The New York State government must take quick decisive action if there is to be any hope of helping its residents to financially survive and prosper. Enacting a temporary wage freeze on all public employees is a realistic and necessary place to start, and one which will generate significant results.
In fact, school districts would be able to address at least half, if not more, of their budgetary concerns and could alleviate the need to raise property taxes. Freezing salaries in school districts would also result in saving thousands of jobs. For example, a number of school districts in Nassau and Suffolk Counties have already voluntarily agreed to make varying concessions to their contractual salary increases, thus avoiding the need for layoffs.
Enacting a wage freeze at this juncture would realize substantial savings: NYS, $400 million; Suffolk County, $65 million; Nassau County, $30 million; The Metropolitan Transportation Authority, $100 million; New York City $1 billion.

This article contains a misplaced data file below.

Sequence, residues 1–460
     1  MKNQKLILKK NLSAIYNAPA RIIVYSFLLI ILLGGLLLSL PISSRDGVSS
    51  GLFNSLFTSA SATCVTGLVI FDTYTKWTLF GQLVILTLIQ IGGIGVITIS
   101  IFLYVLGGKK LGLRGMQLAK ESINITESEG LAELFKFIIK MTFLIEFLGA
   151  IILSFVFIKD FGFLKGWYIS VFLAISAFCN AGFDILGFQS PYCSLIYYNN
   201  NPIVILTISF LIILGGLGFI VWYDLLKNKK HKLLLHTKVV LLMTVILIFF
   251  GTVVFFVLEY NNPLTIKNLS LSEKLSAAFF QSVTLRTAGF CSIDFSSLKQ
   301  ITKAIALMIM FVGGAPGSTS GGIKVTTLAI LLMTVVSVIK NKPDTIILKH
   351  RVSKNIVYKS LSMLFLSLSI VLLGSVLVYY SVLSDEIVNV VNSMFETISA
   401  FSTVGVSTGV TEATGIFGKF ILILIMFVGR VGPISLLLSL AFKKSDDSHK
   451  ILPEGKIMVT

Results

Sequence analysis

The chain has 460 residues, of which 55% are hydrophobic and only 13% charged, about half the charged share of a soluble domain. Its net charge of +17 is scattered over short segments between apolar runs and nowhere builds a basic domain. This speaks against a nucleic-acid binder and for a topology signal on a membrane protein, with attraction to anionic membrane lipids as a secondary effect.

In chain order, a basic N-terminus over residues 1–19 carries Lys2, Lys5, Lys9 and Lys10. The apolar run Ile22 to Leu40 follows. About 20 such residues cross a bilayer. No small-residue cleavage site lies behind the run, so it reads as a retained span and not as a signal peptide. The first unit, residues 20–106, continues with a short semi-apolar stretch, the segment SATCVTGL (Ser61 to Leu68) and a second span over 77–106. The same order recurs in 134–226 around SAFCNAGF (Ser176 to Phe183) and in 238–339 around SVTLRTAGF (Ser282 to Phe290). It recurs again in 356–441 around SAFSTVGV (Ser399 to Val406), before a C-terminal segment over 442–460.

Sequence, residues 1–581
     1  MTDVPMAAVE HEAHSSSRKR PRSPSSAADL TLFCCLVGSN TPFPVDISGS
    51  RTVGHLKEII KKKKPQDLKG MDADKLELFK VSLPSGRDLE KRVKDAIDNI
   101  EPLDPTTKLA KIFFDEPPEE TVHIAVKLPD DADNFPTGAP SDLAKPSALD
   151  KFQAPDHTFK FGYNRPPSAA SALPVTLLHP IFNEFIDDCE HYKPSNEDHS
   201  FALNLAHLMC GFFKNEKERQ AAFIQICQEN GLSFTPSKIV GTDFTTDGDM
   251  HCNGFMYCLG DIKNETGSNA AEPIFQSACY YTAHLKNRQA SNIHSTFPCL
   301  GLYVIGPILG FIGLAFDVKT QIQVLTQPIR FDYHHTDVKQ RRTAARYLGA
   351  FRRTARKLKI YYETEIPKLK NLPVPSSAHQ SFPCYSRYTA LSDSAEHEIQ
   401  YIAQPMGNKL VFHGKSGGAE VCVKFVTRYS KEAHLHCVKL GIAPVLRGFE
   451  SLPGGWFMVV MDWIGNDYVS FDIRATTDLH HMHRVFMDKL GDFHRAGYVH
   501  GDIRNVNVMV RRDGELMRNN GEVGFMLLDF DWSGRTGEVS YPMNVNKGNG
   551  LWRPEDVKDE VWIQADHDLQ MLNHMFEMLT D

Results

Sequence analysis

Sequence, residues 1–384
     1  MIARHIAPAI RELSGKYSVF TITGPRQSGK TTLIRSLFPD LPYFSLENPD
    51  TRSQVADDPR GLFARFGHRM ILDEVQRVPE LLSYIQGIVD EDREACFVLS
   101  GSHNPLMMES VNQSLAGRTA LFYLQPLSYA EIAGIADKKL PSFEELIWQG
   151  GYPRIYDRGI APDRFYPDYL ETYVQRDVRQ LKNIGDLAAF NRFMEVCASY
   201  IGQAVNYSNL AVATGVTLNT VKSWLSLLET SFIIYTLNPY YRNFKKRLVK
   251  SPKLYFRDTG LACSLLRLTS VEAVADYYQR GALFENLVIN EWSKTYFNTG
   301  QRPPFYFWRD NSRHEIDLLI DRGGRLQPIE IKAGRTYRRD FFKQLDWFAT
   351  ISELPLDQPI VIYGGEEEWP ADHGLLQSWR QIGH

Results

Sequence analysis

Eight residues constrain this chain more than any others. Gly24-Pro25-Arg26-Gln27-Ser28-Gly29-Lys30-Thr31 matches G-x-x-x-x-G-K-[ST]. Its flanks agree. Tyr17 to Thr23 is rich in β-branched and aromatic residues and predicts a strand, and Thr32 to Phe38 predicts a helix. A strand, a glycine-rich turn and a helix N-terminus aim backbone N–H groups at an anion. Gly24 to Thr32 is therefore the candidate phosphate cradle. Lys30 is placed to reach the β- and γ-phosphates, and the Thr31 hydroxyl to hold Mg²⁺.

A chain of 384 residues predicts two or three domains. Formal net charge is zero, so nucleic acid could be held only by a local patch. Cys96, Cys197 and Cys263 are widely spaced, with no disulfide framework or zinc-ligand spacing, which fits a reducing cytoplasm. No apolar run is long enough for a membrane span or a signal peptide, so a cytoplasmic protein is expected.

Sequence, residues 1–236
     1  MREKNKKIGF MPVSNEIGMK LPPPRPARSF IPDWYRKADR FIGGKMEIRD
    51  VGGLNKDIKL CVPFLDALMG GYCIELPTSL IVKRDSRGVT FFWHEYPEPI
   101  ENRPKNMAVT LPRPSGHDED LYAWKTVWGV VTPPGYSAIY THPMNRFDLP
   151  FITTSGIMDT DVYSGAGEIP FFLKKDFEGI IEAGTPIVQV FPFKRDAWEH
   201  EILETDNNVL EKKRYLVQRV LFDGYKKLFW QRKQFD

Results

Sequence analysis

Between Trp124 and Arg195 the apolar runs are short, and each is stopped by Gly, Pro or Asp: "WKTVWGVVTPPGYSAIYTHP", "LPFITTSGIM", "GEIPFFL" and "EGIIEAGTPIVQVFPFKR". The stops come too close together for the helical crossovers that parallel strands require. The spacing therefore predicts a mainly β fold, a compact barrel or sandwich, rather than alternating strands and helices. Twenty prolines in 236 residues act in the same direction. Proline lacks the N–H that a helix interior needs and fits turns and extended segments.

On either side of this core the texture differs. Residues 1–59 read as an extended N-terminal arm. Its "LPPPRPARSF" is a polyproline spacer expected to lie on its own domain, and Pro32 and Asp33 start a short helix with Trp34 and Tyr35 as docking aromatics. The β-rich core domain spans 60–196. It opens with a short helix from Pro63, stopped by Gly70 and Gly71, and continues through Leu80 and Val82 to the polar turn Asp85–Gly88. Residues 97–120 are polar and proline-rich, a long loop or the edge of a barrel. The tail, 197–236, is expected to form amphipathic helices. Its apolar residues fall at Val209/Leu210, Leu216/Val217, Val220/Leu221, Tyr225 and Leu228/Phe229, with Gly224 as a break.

However, this action alone will not completely resolve New York’s fiscal problems, and other important steps will be needed to eliminate the current deficit and get our state back on the road to recovery. Admittedly, a long term solution to our fiscal predicament will necessitate implementing measures that demonstrate real fiscal discipline, including enacting a state spending cap, reforming the state’s regulatory framework, ending unfunded mandates on schools and local governments, and providing significant tax incentives to small businesses that will generate job growth and stimulate the economy.
The continued proliferation of the State’s fiscal difficulties threatens the economic vitality of the entire State. While more drastic alternatives such as elimination of municipal jobs, school closures, and elimination of essential services are available, it is in the best interest of all taxpayers that the State impose a temporary public employee wage freeze instead. This is a reasonable and necessary first step towards ameliorating the current fiscal crisis and a key element in promoting the overall economic and fiscal stability of the State.
Substantial savings to state and local governments of approximately two billion dollars.
This bill takes effect immediately and shall expire and be deemed repealed one year after the effective date.